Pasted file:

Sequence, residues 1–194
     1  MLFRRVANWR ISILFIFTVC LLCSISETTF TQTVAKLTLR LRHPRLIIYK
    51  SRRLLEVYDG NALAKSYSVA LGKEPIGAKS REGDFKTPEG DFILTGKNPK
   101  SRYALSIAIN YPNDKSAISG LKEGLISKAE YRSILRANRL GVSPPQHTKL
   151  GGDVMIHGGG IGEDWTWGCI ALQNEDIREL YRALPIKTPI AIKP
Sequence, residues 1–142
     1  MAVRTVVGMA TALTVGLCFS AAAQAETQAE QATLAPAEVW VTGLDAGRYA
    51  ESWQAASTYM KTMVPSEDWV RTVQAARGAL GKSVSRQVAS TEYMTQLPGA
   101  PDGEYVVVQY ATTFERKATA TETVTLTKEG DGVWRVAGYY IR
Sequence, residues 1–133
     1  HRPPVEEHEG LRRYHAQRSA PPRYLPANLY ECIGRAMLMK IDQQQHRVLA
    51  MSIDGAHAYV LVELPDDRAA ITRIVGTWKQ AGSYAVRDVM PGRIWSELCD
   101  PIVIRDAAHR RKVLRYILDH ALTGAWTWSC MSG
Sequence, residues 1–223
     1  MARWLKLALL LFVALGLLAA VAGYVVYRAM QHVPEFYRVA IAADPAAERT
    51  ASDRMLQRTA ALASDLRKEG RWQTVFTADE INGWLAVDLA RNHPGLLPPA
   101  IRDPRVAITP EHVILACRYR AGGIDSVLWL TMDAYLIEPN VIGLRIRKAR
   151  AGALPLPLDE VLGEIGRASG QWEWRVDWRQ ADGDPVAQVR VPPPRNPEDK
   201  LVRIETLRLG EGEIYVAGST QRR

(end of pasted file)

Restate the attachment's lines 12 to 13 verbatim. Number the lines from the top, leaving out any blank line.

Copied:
    51  MSIDGAHAYV LVELPDDRAA ITRIVGTWKQ AGSYAVRDVM PGRIWSELCD
   101  PIVIRDAAHR RKVLRYILDH ALTGAWTWSC MSG